The demand for work-at-home options and remote positions is growing, both in the U.S. and around the globe.
While such work arrangement does not suit all employees or industries, there are plenty of success stories related to remote IT teams and organizations.
The very nature of IT work makes it well-suited to remote employment, but is it really the right choice for your organization?
Productivity Isn’t Just about Location
Efficiency and productivity do not depend solely on where people work.
They also depend on how people work.
One employee might be more productive in a collaborative, in-house environment while another might excel in a remote position and away from goings-on of the office.
IT teams may require occasional collaboration, but this field is far more like an assembly line of tasks or services.
Plus, the very nature of information technology makes most employees more than comfortable collaborating in a virtual environment.
Many even prefer it.
To be the most productive, IT teams need:
- The right tools, including hardware, software, and applications for working, communication, and collaboration between teams and employees.
- The right support from their company, including a dedicated management team and support staff.
- The right practices and work methods to get the job done most effectively.
- Appropriate work requirements and structure of daily work tasks or operations.
And none of these elements are specifically location-based.
The success of remote work, as with any work, mostly depends on a company’s best practices regarding daily operations and workforce management.
If you don’t already have an efficient, successful workforce in place, you’re probably not going to find much success in switching to a remote environment unless that includes an overhaul of practices, workflows and requirements.
Creating a Well-Oiled Machine
When Henry Ford was envisioning the modern automobile assembly process, he understood that employee productivity and motivation were key factors in the success of his methods.
To achieve both, he made one very simple, but effective change: a reduction in work hours and an increase in compensation for all employees.
Along with the actual assembly line implementation, these factors helped skyrocket Ford to success.
Today, this employee appreciation remains a core part of the values of Ford Motor Company.
What does this have to do with IT teams?
It’s about getting the most out of your IT employees, and many companies could stand to take a few notes from historic entrepreneurs like Ford.
If you want more productive employees, in any environment, make them feel valued and appreciated.
By offering flexible work options, including remote employment, you may find that you can recruit and retain better talent than if you only hired on-site staff.
If you already offer remote work options, you’ll save a small fortune in overhead and operating costs.
Thus, you can probably afford to pay your employees a little better, and again increase your odds of finding better people to fill your open roles.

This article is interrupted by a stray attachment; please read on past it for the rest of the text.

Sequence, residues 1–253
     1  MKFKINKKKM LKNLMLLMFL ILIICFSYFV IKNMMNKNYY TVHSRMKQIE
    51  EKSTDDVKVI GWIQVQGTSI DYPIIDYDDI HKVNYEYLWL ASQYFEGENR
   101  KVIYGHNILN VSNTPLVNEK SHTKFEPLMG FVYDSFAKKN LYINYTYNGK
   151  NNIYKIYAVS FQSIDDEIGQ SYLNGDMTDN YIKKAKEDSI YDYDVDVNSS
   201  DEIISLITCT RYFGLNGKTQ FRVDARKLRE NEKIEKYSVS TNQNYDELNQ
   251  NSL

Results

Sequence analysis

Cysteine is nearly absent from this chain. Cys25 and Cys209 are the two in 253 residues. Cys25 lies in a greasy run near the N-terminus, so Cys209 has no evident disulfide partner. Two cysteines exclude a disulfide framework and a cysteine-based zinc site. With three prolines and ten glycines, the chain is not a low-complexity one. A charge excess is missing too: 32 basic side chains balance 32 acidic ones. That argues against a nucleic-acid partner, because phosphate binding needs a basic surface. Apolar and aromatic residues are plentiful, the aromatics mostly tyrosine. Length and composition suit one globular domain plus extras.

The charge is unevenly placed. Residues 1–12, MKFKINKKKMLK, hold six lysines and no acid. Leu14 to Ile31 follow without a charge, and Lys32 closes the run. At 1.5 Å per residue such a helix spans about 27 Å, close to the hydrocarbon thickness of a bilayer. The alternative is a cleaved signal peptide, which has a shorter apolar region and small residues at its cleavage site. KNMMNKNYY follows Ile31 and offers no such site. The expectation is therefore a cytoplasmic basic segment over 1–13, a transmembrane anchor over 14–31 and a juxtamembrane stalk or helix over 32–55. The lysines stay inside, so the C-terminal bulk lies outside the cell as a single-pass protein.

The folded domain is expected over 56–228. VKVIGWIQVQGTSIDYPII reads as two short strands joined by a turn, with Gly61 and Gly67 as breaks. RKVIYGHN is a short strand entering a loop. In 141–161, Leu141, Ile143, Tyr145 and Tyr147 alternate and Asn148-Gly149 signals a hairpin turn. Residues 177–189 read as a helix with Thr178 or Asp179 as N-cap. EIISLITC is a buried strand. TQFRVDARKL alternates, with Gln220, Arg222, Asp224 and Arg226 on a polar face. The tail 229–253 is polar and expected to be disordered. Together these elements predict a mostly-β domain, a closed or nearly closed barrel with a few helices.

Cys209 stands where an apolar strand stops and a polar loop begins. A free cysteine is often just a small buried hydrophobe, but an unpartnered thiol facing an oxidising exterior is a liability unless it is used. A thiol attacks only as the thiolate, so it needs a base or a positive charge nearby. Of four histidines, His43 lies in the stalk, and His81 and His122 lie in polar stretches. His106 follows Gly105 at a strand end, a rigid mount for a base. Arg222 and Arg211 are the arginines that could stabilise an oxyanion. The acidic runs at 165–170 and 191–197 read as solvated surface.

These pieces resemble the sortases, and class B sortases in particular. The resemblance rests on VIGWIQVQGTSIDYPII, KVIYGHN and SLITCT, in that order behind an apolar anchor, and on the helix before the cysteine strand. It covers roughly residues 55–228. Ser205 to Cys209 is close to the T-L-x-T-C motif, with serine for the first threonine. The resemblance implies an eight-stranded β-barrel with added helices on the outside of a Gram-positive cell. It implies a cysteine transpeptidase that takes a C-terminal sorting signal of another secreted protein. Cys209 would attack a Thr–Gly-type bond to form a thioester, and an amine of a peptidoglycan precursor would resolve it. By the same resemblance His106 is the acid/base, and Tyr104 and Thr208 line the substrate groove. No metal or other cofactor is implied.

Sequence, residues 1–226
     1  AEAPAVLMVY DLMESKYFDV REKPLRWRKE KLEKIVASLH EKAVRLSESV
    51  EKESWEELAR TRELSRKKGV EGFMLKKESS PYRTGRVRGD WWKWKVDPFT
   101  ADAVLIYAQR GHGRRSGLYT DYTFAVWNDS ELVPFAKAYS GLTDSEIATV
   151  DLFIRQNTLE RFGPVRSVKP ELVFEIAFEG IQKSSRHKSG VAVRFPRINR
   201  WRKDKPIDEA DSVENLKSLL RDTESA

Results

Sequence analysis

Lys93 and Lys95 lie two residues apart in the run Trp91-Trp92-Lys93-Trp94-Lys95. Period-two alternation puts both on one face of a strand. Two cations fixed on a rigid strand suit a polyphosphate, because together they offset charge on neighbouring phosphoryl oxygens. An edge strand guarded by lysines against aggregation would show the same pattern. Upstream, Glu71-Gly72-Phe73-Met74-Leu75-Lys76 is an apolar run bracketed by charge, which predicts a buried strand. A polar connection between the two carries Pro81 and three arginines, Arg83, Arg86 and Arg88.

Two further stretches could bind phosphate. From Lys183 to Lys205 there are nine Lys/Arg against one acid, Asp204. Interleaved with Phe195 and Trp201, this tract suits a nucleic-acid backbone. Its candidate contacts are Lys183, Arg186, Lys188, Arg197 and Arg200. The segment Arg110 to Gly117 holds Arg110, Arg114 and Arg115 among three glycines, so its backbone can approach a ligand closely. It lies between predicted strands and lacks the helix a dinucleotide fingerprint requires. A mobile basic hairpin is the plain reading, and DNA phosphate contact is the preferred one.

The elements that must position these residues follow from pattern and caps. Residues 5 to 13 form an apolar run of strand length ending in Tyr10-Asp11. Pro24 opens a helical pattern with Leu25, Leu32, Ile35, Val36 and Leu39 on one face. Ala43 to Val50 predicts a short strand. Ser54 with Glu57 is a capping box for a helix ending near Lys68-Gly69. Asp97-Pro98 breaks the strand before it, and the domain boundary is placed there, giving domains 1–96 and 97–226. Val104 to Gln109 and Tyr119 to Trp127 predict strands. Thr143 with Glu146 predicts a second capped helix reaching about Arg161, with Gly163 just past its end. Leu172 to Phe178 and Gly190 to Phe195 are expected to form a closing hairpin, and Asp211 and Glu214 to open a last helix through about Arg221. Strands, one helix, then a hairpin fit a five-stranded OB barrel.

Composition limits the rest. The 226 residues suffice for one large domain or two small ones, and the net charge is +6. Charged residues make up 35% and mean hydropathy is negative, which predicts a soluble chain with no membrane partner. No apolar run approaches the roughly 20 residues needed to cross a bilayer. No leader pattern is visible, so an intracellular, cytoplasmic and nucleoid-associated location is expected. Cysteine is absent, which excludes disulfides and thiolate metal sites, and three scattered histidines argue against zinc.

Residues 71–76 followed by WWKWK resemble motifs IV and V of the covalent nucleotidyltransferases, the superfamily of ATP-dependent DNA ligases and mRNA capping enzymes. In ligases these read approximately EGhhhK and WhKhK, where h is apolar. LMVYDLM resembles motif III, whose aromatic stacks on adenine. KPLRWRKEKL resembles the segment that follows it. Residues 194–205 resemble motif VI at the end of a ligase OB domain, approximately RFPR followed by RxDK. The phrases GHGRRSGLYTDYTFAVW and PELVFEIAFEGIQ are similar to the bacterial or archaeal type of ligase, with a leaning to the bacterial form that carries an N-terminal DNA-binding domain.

Remote vs. In-Office Teams: How IT Employees Work
Believe it or not, despite the growing trend toward remote work, 44% of global companies still don’t allow remote work.
That doesn’t mean that remote work is good or bad.
It’s a relatively new movement, and many companies haven’t found a big enough need or demand.
Some companies, like Yahoo! and Reddit have decided against remote work, at least for the time being.
Remote work seems to be most effective for those that require little collaboration or more uninterrupted working time. IT and development professionals are prime examples of these candidates, in many cases.
While an open-office format that creates a collaborative workspace might be ideal for creatives in the organization, that collaboration can keep IT professionals from having the dedicated focus and attention that they need for certain tasks.
For those worried about productivity and motivation, early studies show that when you allow the best employees to work remotely, they go above and beyond the call of duty.
Plus, there are several collaborative tools already in place for remote IT teams and organizations.
While remote work isn’t without its own distractions, it can provide a better environment for those who have a more independent role or need a more flexible working solution.
Perhaps the biggest selling point, and especially for IT teams, is that remote work allows you to assemble the best technology professionals from around the globe.
No longer are you limited to finding the best local talent and trying to make the most of what you have. You can literally hire anyone, from anywhere, so long as they meet your hiring requirements and are legally eligible to work for your organization.
It’s Your Call
There is no way to make the blanket assumption that remote employees are better or worse for a company.
Every company is different.
While some may not have yet identified the benefits and implications of remote work options, others are already creeping up on a decade of remote employment.
Some companies and positions have seen better results than others, but there is plenty of positive insight regarding IT professionals and a remote work environment.
Perhaps the best answer is to not pick one side or another.
Rather, you can roll out remote options for specific departments, positions, or employees so that everyone can test the waters before you go giving up your lease.
About Author: Jen McKenzie is an independent business consultant from New York. She writes extensively on business, education and human resource topics. When Jennifer is not at her desk working, you can usually find her hiking or taking a road trip with her two dogs. You can reach Jennifer @jenmcknzie